How to apply for a US Spouse Visa
For non-US nationals married to a US citizen or to an individual holding US permanent residence, there are two possible routes to seek permission to come to the US under a spouse visa for the USA:
Looking specifically at the immigrant visa option, how can a non-US spouse secure a Green Card?
The process of applying for a Green Card through marriage will depend on whether you’re applying from within the US or from overseas, and whether your spouse is a US citizen or a US permanent resident.
Eligibility for a Green Card through Marriage
To apply for a Green Card through marriage, you will need to meet the following requirements:
- If you are applying from overseas, you must be eligible to be granted an immigrant visa
- If you are applying from within the US, you must complete and file form I-485.
- You pass USCIS scrutiny and have been ‘inspected and admitted’ or ‘inspected and paroled’ into the US.
- You are in a genuine and existing marriage to the sponsoring US citizen spouse or US permanent resident spouse.
- You are the beneficiary of a filed and ultimately successful form I-130 completed by your spouse.
- You are not precluded by any bars to adjustment.
- You are admissible to the US for lawful permanent residence or eligible for a waiver of inadmissibility or other form of relief.
If you do not meet these requirements, it’s highly likely your application will be rejected, and as a result, you will lose your application fee. As such, it’s advisable to take professional guidance if you are concerned about eligibility before you submit your application.
Immigrant spouse visa application process
To apply for your Green Card through marriage, you will be required to complete and file an immigrant petition with USCIS and attend a visa interview at a US consular post abroad if you are applying from overseas or make an application to adjust your status if within the US.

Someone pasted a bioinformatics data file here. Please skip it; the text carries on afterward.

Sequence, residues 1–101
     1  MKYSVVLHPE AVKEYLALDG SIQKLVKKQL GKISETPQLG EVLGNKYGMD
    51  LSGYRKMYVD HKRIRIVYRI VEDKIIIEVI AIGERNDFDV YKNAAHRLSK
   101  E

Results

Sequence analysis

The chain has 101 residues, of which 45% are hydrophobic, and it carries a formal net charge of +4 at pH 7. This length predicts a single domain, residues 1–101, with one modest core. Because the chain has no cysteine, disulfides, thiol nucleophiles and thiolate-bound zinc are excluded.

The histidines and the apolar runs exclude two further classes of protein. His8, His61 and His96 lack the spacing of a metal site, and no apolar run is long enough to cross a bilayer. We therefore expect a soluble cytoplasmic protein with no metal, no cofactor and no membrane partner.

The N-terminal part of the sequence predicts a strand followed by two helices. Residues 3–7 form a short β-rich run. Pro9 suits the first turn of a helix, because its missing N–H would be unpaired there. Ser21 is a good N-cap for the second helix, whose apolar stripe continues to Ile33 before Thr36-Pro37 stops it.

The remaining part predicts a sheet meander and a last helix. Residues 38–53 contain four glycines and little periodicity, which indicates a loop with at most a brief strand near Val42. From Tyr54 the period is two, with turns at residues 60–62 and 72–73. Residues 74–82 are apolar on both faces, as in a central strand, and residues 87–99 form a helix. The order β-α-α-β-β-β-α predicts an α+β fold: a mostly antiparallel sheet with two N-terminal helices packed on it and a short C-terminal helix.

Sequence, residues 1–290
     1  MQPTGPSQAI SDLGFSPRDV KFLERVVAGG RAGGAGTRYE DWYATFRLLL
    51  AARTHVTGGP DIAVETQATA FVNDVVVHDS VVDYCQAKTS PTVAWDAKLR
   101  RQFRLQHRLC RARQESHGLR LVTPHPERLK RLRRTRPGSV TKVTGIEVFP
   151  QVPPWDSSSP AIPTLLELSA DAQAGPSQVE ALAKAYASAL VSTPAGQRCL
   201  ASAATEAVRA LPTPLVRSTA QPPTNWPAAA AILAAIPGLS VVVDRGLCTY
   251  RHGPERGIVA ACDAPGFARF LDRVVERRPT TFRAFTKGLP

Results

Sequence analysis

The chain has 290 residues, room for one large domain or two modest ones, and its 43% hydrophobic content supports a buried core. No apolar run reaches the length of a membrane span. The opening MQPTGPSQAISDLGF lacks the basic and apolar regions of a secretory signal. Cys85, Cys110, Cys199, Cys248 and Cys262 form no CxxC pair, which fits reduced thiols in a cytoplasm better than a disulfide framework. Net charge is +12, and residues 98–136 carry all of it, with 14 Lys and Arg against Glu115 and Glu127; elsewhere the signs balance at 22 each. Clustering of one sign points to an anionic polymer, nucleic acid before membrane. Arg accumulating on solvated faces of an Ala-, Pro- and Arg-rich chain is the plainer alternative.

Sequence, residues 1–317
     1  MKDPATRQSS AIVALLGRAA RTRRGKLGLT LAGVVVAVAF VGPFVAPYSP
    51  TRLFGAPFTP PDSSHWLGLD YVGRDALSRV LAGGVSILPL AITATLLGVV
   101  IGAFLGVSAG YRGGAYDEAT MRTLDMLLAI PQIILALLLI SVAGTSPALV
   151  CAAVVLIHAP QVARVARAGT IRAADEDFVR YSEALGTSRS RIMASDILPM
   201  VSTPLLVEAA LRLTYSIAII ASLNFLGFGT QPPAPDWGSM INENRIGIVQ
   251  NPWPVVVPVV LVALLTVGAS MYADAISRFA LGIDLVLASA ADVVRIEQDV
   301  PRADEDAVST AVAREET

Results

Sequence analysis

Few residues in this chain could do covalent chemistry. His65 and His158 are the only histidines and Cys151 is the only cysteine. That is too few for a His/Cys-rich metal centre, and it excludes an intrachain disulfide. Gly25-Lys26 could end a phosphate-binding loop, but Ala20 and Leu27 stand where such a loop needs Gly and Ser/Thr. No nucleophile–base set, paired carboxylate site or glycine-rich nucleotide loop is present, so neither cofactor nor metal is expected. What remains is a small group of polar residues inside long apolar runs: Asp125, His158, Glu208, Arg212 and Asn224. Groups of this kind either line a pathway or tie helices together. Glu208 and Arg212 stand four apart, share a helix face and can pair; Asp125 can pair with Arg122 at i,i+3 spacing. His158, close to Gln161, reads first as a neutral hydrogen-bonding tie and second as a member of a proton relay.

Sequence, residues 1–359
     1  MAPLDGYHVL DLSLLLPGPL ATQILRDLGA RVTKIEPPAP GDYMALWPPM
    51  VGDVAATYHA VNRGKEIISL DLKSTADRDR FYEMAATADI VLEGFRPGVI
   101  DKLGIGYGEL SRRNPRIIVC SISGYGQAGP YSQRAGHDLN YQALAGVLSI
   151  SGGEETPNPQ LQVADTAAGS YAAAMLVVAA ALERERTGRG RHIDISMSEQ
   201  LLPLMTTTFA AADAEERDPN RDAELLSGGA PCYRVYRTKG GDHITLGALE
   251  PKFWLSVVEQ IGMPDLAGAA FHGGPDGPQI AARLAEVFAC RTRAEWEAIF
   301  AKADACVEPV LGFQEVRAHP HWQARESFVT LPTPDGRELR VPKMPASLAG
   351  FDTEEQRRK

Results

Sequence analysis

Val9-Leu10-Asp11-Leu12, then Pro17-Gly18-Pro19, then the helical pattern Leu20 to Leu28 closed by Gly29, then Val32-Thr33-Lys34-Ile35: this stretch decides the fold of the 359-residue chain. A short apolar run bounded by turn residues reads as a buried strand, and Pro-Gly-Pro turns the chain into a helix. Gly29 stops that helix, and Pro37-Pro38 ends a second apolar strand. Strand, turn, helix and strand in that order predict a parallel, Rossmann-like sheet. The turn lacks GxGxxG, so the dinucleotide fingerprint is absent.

If your spouse is a US citizen
US citizens sponsor their spouses as ‘immediate relatives’ using form I-130.
If approved, a visa number will be provided without a backlog as immigrant visas for immediate relatives of US citizens are unlimited and always available – which you then use to file Form I-485 Application to Adjust Status and apply for a Green Card.
If your spouse is a US permanent resident
Once form I-130 has been approved, you will have to wait for a visa number to become available, and for your ‘priority date’ to become current.
To track your priority date, check the US State Department’s monthly “Visa Bulletin“.
There is an annual cap on the number of visas issued each year under this route. As a result, there is a waiting list. This is a longer process than if your spouse is a US citizen, and can take anywhere up to 4 or 5 years before a visa number becomes available.
When the visa number is issued, you can then apply for a visa or to adjust your status.
If your application is successful and you are in the US
Once your visa number has been issued, if you are inside the US you may apply to adjust your status to that of a US permanent resident.
Prior to submitting your application to adjust status, you will be required to attend a medical exam at an authorized physician’s office. You will need to submit these results with your application to adjust your status.
Once the application to adjust status is complete, it will be submitted to USCIS for adjudication. Application processing times may vary depending on USCIS workload; it’s best to confirm current processing times when the application to adjust status is filed.